70% of the active population was to be gainfully employed by now, research spending increased to 3% of GDP, economic growth to 3% p.a.: those were the main targets of the Lisbon Strategy launched back in the year 2000 – with ten years to achieve them. Now time’s about up and the grand European undertaking is about to culminate in a washout. Not the slightest trace of that knowledge-based economy that was supposed to become “the most dynamic and competitive in the world” by 2010. In ten years, employment has increased by a little less than 4 percentage points to plateau at an average of under 66%. Spending on research and development comes to slightly over half the target level and still falls far short of the figures of our main global rivals. The growth rate, dragged down by the crisis, has dropped to an average of 0.8% – with a devastating impact on unemployment, which had shrunk from 12% to 7% since 2000, but which is ballooning again to roughly 10% in the wake of the recession.

What is to be done? Well, there’s no point in flagellating ourselves. The age of optimism, fuelled by unassailable accomplishments at the beginning of the century like the birth of the single market and the euro, is now history. Now we march to the tune of realism. The world has changed, globalisation is gaining ground. What’s worse, it is China, to everyone’s surprise, that has achieved what Europe set out to do. But Europe hasn’t thrown in the towel. The new totem has no name, not even that of the Portuguese capital. This time around it’s a number: “2020”, perhaps in a bid to rival "1992", the erstwhile slogan of the single market. Now that the first ten-year plan has flopped, we are trying to map out a new one. The deliberations between the 27 member states started in November and will conclude in mid-January, after which European leaders will convene in Brussels on 11 January for a preliminary informal meeting to appraise a tentative draft of the Commission’s proposals. A follow-up summit in March will set out a concrete strategy to be submitted to the finance ministers. So it will be up to the European Council in June to rubber-stamp the 2020 plan.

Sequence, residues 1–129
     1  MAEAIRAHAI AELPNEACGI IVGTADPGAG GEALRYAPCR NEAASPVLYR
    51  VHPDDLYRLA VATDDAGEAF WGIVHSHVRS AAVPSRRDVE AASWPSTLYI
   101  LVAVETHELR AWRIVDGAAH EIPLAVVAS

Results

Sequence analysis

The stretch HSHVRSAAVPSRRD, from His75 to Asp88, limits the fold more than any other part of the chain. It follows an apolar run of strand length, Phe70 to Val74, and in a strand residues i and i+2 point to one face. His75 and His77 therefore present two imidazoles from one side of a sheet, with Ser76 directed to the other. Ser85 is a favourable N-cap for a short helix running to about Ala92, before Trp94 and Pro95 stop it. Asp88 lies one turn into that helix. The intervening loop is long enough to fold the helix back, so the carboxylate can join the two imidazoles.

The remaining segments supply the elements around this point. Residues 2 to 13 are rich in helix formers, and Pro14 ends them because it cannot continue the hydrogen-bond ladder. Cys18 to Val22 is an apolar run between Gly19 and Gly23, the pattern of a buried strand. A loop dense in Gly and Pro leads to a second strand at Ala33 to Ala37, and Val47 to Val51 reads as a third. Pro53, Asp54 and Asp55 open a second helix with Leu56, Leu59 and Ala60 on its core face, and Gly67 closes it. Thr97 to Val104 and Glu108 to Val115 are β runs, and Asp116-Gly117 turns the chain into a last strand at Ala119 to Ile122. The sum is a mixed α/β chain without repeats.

An error not to be repeated

It won’t be a revolution. More of an updating and rescheduling of the targets, whilst searching within the EU for “new sources of growth capable of creating jobs lost to the recession” and, outside the EU, for ways to take advantage of globalisation and interdependence between nations. And all of that in a markedly tougher context than in 2000, given the tighter budgetary constraints and aggravated social problems facing a growing European population. According to a tentative EU document, the strategy will lay down three priorities: knowledge, i.e. education, research and the digital economy with a view to fuelling growth carried by high added-value innovations; “flexicurity”, entrepreneurial spirit and lifelong learning to stimulate creativity and maintain the social equilibrium; and a greener, more competitive and integrated economy to boost productivity and efficiency at every level, from energy to transportation. Plus a qualitative improvement in public spending. If Lisbon came a cropper, it was because the method was wrong: the objectives were right, but not binding, and left to the goodwill of national governments. Will the new “EU 2020 strategy” succeed in avoiding the same mistake? Many don’t think so. There are, at present, too many nationalisms in Europe. And if that’s how it’s going to be, the whole exercise, whether couched in old terms or new, is once again liable to prove much ado about nothing, or next to nothing.